Late Twentieth Century  1988

Madruga, Cuba

Worship in Mariano Methodist Church in Havana

Worship in Mariano Methodist Church in Havana

In 1988, revival broke out in a small church in Madruga, Cuba. “People would begin to weep when they entered the church, ” said their pastor. More than 60 churches experienced a similar move of the Spirit. And today the Holy Spirit’s Presence is still being felt. Despite gestures of tolerance towards Christians, believers in Cuba still experience much hardship and oppression. Nevertheless, God is moving among the ten million people of Cuba, just as in the early Church.

The revival produced more than 2,400 house churches— more than all the official churches put together. Though open evangelism is still outlawed, teenagers were joining the children and adults to witness boldly in parks, beaches, and other public places, regardless of the risk.

There is a “holy and glorious restlessness” among the believers, said one pastor. “The once defensive mood and attitude of the church has turned into an offensive one, and Christians are committed to the vision of ‘Cuba Para Cristo!’— Cuba for Christ!” (Open Doors, Australian circular, September 1993, 1–2)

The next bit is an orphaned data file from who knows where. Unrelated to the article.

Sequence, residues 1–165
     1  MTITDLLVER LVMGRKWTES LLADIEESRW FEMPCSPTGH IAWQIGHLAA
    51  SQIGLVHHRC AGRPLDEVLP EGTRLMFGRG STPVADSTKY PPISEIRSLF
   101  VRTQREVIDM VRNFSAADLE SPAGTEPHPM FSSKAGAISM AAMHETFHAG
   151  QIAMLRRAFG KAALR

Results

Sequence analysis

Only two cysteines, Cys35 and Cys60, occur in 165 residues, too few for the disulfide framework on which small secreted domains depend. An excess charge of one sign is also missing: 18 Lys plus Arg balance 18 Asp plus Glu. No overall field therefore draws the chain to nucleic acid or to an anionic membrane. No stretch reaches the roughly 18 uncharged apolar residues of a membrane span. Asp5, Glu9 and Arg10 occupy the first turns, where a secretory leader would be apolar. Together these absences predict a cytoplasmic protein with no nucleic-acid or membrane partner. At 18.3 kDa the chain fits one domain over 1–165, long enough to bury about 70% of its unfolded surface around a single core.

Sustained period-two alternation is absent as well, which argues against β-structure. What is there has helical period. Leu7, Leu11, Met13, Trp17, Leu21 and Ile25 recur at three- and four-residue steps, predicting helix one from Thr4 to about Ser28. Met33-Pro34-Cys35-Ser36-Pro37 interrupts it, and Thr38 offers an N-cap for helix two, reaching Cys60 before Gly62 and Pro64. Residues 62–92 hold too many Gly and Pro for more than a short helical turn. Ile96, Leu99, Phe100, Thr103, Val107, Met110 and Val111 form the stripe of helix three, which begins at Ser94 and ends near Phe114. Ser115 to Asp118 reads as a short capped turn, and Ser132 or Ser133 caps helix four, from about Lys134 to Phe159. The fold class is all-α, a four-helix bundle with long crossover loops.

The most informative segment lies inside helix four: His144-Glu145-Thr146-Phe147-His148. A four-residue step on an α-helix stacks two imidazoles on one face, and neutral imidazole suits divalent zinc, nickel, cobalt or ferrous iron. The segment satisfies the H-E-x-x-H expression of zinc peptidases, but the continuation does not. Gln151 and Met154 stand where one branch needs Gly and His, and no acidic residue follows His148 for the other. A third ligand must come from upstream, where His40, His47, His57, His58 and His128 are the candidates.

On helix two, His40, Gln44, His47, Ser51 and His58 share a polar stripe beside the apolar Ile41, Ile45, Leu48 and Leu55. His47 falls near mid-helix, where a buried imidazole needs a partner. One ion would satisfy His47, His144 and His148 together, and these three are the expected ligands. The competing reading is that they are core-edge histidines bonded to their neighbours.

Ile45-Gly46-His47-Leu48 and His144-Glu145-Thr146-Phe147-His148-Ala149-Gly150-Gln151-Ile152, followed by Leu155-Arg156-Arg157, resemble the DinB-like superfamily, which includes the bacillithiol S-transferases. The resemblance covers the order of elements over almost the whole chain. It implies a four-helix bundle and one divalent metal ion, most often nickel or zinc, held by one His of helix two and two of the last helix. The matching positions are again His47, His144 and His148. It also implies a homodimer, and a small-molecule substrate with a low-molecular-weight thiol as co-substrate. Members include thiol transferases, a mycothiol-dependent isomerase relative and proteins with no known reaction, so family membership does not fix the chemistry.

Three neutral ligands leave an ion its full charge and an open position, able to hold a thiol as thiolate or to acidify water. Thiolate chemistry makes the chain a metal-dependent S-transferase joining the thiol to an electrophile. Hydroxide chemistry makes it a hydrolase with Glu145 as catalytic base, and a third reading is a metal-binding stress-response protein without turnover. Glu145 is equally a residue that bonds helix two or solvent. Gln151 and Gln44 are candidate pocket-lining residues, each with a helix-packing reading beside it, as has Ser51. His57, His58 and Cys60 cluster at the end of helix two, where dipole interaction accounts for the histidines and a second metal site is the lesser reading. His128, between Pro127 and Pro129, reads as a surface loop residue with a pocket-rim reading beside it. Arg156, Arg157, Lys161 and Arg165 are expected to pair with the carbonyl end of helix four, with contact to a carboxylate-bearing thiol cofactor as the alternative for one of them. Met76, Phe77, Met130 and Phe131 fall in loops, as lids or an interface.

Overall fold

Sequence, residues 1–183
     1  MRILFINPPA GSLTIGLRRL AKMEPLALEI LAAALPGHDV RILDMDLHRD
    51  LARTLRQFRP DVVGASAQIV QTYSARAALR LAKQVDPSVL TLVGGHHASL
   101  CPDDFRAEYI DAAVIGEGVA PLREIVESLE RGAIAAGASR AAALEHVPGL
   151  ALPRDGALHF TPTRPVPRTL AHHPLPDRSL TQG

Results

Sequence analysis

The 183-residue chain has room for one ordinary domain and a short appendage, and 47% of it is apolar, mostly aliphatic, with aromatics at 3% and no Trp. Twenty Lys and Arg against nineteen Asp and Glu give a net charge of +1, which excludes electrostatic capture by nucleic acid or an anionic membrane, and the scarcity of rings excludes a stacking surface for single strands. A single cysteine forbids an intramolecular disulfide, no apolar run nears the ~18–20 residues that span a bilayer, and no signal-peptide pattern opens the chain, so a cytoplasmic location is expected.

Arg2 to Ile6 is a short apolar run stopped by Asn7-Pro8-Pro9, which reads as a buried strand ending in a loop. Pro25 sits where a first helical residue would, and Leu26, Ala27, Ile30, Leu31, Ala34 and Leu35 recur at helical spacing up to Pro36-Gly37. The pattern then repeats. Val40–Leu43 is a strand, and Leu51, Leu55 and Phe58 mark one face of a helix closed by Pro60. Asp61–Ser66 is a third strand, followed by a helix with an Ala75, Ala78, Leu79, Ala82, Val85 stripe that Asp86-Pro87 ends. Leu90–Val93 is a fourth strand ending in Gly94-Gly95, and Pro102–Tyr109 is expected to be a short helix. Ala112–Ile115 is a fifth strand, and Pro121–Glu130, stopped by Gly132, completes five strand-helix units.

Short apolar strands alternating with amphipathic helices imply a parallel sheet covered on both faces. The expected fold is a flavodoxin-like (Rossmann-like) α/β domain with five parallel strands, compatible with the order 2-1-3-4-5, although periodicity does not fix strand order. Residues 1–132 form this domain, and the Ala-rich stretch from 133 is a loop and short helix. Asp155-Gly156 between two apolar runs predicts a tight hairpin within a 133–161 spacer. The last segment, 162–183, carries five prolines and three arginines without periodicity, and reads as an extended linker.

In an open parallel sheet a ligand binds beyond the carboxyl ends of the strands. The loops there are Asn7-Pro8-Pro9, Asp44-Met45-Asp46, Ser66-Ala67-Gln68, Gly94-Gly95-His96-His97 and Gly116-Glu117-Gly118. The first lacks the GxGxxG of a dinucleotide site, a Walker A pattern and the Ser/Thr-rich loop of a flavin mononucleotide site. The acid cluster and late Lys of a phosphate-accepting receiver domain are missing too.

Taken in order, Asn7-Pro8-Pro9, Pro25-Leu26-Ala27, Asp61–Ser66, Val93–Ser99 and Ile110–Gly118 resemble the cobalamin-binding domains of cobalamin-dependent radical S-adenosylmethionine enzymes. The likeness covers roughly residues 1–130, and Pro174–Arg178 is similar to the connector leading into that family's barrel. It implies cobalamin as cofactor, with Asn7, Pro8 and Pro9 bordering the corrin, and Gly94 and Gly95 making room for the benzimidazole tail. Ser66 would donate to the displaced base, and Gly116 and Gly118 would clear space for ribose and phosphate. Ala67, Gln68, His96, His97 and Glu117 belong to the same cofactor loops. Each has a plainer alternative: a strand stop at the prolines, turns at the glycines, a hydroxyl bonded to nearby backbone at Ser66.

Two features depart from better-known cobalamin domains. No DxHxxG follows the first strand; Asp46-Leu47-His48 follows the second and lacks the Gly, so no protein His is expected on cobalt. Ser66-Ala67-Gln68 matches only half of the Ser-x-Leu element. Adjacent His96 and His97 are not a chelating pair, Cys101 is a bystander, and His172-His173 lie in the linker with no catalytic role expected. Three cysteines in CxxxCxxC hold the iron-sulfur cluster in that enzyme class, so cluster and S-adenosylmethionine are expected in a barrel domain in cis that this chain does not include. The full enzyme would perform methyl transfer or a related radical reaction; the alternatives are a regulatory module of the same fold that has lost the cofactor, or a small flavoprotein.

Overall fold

Cubans saw astounding revival from 1988. The Pentecostals, Baptists, independent evangelical churches, and some Methodist and Nazarene churches experienced it. One Assemblies of God church had approximately 100,000 visit it in six months, often in bus loads. One weekend they had 8,000 visitors, and on one day the four pastors (including two youth pastors) prayed with over 300 people.

In many Pentecostal churches the lame walked, the blind saw, the deaf heard, and many people’s teeth were filled. Often 2,000 to 3,000 attended meetings. In one evangelical church over 15,000 people accepted Christ in three months. A Baptist pastor reported signs and wonders occurring continuously with many former atheists and communists testifying to God’s power. So many were converted that churches could not hold them; they met in various house churches.

In 1990, an Assemblies of God pastor in Cuba with a small congregation of less than 100 people meeting once a week suddenly found he was conducting 12 services a day for 7,000 people. They started waiting in line at 2 a.m. and even broke down doors just to get into the meetings (Robinson 1992, 14).

© Geoff Waugh. Used by permission.

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